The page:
This year, 18 new communities were awarded the title by the League of American Bicyclists, which stated that those cities welcome cyclists by "providing safe accommodation for cycling and encouraging people to bike for transportation and recreation."
"This national recognition demonstrates the commitment of the community and the responsiveness of government in achieving Oakland's vision of a sustainable city," Oakland Mayor Ron Dellums said in a statement.
Oakland applied for the designation earlier this year as a way to obtain feedback on its progress in implementing the city's master bike plan, according to the city's Public Works Agency.
The city won a bronze-level award, agency officials said.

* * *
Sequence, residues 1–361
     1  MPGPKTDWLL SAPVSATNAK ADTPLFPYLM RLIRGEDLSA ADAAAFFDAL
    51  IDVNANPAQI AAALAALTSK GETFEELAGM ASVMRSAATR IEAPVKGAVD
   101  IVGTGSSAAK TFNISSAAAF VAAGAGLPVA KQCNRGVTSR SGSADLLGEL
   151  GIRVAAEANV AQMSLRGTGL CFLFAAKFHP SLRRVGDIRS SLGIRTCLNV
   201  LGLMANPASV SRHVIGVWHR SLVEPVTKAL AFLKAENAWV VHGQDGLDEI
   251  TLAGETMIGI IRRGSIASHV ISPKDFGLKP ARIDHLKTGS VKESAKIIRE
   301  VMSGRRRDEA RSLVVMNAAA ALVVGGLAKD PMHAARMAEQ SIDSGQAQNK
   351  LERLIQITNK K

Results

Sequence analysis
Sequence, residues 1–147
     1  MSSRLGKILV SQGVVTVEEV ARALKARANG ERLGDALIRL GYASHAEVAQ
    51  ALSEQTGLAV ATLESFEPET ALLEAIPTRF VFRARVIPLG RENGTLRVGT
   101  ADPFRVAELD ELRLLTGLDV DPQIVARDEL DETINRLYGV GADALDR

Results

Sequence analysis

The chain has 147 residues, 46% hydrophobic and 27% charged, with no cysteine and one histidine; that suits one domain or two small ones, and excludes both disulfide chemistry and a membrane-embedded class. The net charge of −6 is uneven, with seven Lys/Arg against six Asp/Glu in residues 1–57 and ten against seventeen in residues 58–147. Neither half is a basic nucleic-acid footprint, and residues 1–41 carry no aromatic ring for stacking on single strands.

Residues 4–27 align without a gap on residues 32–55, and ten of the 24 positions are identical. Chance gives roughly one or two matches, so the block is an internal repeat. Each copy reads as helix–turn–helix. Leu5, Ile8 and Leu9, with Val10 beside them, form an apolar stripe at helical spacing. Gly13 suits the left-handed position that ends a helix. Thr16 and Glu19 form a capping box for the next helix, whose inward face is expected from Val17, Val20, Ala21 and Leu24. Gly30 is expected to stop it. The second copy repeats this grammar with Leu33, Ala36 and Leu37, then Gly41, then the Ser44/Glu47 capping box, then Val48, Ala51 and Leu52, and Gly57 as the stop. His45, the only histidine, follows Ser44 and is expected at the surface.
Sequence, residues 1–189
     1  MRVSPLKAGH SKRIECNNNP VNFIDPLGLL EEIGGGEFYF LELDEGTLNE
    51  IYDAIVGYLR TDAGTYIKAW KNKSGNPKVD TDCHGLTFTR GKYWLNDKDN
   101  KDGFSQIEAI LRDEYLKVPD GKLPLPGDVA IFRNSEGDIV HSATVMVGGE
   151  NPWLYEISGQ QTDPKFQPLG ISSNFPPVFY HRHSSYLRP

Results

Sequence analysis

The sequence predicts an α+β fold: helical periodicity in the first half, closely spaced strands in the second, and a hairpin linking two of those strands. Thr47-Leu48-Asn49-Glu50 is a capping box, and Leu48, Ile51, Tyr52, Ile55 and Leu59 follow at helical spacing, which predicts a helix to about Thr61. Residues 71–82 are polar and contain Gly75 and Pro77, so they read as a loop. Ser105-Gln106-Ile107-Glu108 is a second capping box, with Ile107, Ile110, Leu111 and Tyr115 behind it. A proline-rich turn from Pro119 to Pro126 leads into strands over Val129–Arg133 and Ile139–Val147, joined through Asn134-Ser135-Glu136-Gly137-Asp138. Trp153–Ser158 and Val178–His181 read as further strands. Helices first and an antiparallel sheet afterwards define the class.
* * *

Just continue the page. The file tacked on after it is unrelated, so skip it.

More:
Kassie Rohrbach, executive director of the advocacy group Walk Oakland Bike Oakland, said the designation reflects the city's progress as it continues "to increase the safety and usability of our streets so that more Oaklanders can choose biking for every-day transportation."
Of the 70 largest U.S. cities, Oakland has the seventh-largest percentage of people bicycling to work, according to U.S. Census Bureau data from a 2008 survey.
Oakland now has 97 miles of bikeway, with an additional 30 miles of new or improved bikeway slated for completion by the end of 2011, according to the agency.